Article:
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'It's Not a Baby Doll -- It's Alive'

More than 60 tornadoes were reported in the Southern states on Tuesday and Wednesday, killing dozens of people and injuring hundreds. President Bush flew to Tennessee, one of many states consequently suffering, to meet with survivors on Friday.

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By Peter Whoriskey
Washington Post Staff Writer
Thursday, February 7, 2008

CASTALIAN SPRINGS, Tenn., Feb. 6 -- The searchers had already gone over the field once.

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It seemed unlikely that anything else would turn up. It was dark and rainy, and amid the awesome wreckage left by the tornado that had just passed here they had already found three dead. Some of the bodies had been flung hundreds of feet from their homes, landing in tangles of branches and across the roadway.

Then they stumbled upon Kyson.

The 11-month-old, dressed in a T-shirt and diaper, was lying as silently as any piece of debris in a field of tall grass about 100 yards from the now-leveled duplex where he once lived. He was face down in the mud, covered in bits of grass like many of those who had been cast about by the dozens of tornadoes that had careened across the South.

"It's not a baby doll -- it's alive," called out David Harmon, 31, an emergency worker from nearby Wilson County. He had first thought the boy was made of plastic.

Kyson, to the surprise of rescuers, had survived being tossed by winds that had not only flattened the brick post office next door but had killed his 23-year-old mother, throwing her several yards in the opposite direction, into some fallen trees.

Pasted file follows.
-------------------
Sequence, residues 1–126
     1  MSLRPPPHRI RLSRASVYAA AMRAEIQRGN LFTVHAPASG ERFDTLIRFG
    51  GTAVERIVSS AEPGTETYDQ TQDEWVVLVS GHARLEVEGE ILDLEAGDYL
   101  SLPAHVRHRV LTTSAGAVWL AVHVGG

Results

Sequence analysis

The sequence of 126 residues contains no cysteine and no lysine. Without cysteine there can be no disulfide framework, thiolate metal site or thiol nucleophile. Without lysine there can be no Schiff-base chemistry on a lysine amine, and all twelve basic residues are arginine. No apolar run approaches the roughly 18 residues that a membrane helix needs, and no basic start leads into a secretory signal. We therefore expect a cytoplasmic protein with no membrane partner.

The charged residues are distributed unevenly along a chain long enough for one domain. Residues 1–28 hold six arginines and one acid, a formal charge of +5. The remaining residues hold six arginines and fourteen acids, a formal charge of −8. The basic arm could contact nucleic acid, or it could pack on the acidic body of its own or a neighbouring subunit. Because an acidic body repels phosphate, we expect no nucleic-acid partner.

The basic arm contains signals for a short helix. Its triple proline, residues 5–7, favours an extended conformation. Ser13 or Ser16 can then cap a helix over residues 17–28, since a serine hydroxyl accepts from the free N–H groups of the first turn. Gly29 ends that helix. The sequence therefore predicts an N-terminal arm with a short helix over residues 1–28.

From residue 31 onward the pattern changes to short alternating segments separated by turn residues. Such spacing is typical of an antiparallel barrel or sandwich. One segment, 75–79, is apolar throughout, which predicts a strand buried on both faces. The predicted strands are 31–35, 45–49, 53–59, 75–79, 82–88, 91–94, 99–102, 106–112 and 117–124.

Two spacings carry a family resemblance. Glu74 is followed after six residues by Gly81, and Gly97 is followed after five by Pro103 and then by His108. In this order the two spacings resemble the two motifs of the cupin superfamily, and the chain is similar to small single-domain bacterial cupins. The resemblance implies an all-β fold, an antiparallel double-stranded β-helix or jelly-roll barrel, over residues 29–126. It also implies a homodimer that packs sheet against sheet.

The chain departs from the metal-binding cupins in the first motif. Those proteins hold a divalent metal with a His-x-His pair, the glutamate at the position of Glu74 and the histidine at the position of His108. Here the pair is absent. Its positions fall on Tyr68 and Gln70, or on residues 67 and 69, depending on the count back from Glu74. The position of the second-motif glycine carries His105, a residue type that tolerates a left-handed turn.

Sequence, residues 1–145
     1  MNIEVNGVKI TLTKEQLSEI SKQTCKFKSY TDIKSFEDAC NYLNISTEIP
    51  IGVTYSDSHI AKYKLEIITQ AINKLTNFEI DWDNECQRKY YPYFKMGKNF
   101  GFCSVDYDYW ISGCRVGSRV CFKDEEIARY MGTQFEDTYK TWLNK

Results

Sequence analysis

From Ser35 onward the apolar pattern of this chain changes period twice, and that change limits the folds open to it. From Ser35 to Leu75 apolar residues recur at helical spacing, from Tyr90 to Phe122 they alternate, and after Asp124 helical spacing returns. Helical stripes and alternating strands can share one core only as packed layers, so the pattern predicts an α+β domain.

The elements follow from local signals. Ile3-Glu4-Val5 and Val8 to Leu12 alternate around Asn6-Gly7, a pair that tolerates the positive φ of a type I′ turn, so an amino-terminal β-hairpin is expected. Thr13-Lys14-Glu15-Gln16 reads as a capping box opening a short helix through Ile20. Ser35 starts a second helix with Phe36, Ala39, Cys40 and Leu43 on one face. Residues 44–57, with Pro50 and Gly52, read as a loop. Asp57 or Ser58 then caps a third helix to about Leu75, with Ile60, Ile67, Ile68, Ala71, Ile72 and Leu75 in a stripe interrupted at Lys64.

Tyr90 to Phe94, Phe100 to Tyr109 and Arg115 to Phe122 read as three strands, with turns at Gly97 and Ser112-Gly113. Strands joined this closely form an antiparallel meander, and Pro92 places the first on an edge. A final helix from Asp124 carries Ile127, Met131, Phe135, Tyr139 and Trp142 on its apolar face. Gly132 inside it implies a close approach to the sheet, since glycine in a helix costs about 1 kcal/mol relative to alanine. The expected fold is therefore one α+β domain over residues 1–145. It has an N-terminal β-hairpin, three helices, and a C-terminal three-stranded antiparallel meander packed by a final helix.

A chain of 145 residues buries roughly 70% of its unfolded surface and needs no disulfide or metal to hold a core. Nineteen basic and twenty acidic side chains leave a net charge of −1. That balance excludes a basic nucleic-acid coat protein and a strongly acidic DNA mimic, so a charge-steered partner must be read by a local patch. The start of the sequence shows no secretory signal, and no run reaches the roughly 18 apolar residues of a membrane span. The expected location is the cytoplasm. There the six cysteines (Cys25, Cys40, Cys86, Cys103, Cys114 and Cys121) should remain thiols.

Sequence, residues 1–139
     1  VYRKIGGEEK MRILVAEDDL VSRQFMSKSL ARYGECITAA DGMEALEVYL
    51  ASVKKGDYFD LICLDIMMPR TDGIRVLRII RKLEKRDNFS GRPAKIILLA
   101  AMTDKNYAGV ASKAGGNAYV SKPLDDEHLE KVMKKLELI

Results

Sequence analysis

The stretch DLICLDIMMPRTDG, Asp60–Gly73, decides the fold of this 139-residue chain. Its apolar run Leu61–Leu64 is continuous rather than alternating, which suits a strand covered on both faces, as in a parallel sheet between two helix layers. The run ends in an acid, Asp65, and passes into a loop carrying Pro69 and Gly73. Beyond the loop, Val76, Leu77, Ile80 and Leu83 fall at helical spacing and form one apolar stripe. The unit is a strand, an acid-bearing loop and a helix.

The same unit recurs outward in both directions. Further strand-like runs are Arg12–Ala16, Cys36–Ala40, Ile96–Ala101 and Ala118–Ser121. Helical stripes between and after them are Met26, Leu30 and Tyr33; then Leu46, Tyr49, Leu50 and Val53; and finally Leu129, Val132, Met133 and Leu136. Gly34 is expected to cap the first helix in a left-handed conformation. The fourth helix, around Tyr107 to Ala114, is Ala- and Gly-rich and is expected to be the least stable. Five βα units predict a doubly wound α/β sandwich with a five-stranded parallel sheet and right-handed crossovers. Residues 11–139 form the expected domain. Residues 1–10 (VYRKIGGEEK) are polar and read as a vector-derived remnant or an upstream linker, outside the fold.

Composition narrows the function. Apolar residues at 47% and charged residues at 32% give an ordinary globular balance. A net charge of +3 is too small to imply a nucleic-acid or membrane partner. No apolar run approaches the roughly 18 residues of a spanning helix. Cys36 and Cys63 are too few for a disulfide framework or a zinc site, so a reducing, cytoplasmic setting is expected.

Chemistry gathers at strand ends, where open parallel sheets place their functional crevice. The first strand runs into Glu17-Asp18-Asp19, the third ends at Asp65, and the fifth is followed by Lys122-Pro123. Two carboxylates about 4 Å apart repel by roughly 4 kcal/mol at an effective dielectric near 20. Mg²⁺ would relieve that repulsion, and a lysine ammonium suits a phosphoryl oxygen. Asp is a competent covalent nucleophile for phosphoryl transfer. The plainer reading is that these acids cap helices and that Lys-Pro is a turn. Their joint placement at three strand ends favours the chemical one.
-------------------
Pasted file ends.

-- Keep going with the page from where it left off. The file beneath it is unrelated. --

"The baby was just shivering like this," said Keith Douglas, interim director of emergency medical services for Sumner County, who was on the scene, putting his fists to his chest, pressing his elbows to his sides. "He was cold and scared, and he had this blank look in his eyes."

The twister that flung Kyson from his home was among dozens that swept across the South on Tuesday night and Wednesday morning, killing at least 54 people and leaving a huge swath of destruction. The winds caused millions of dollars in damage and injured more than 150 people. President Bush is scheduled to travel to Tennessee on Friday to inspect the damage.

For those who have lived through them, tornadoes inspire awe not just for their power but for their caprice, for destroying some lives while sparing others nearby.

"It's a miracle they ain't both gone," said Doug Stowell, 45, Kyson's grandfather, a carpenter and tile worker who drove up to the scene last night and found his daughter, Carrie, dead and his grandson alive. "He was found over 300 feet from his home, and that was demolished -- I mean wiped clean."

Such devastation was repeated in five states, Arkansas, Kentucky, Tennessee, Alabama and Mississippi, as perhaps 50 tornadoes touched down. Others were reported in Missouri and Indiana.

After sowing destruction in the South, the storm system moved north, where it buried parts of Wisconsin, Iowa and Kansas under more than a foot of snow. The storm closed schools and businesses, grounded more than 1,000 airline flights and snarled highways.


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